A few years ago, I was attending the annual Training & Consultancy Conference and heard a presentation from Dene Donalds and Melanie Chapman on the increasing use of mindfulness practices in social care.
This struck a chord with me. I was intrigued and wanted to find out more.
So, a few days later, I found a local Mindfulness-Based Stress Reduction Course (MBSR) and started on a journey that has transformed both my life and my attitude to the workplace.
Being a natural sceptic, what has kept my attention is the increasing amount of research in this area. This is not some flaky, new-age fad.
So, what is Mindfulness?
According to Jon Kabat-Zinn, who founded the Center for Mindfulness in Medicine, Health Care, and Society at the University of Massachusetts Medical School,
“Mindfulness is the awareness that arises by paying attention,
on purpose, in the present moment, and non-judgmentally”
Sounds simple? And in some ways it is, but in others, it is really difficult. But when you do give yourself some time to stop and just pay attention to how you are feeling and how you are reacting to situations, then, it can be transformative.
There is lots of information online about mindfulness, so I’m not going to go into more detail here for now. Check it out for yourself, or let me know if you would like me to write another blog on it!
After my MBSR course and starting a journey of regular meditation practice, I wanted to find out more. So, I went back to University in Bangor for a year. Bangor University was one of the first places in the UK to set up a research centre to explore and develop mindfulness-based approaches.
During the year, I have gradually developed my ideas on how we can integrate some of the ideas and concepts behind mindfulness into our work, mainly focusing on enabling and empowering co-workers to have the skills to manage the high-stress situations that appear and also, to enjoy more the successes that happen in the present so much of the time.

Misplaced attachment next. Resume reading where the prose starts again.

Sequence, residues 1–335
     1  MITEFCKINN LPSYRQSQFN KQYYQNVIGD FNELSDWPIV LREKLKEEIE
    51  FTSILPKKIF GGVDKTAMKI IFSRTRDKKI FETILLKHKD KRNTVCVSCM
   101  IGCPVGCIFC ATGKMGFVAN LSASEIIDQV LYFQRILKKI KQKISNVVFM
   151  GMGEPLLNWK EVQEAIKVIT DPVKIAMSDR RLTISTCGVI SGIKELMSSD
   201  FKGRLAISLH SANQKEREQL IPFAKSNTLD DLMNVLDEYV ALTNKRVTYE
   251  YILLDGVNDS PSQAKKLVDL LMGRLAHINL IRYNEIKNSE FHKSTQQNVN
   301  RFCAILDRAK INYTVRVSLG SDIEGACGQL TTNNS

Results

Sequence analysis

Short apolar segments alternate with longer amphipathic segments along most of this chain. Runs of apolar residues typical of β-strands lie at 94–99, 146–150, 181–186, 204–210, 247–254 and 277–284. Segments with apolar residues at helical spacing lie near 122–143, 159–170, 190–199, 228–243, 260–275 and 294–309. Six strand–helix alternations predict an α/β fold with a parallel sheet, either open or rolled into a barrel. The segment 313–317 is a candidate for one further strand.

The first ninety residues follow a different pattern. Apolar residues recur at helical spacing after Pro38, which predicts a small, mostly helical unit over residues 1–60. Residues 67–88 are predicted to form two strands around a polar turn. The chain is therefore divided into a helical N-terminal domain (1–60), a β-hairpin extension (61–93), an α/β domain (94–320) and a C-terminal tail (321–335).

We have now run a few general Introduction to Mindfulness Courses as a taster for co-workers from across the organisation and the feedback has been positive and encouraging.
So, what are the next steps?
I am setting up a small focus group of about 10 co-workers, who want to take the lead on how we develop mindfulness within the organisation.
The first step is to let them loose on a full eight-week mindfulness course and then, once they have more information and can see for themselves what seems to work, then we can work together to provide a range of tools, training, skills, practices and ethics that will help us move forward.
This is not something that should be done in isolation. Nor is thing something that can be rushed.
We need to make sure that we can actually show that it works and makes a difference to the co-workers, and ultimately, the people we support. This will link into many other activities within the organisation, such as Driving Up Quality, Practice Leadership and the development of a Wellbeing Strategy.
It is not something that will change overnight, it might take a few years for positive change to happen but I hope that it will be an interesting and inspiring journey.
“Of all the virtues we can learn no trait is more useful, more essential for survival, and more likely to improve the quality of life than the ability to transform adversity into an enjoyable challenge.”
Mihaly Csikszentmihalyi, Flow: The Psychology of Happiness
Deborah Cornick, Managing Director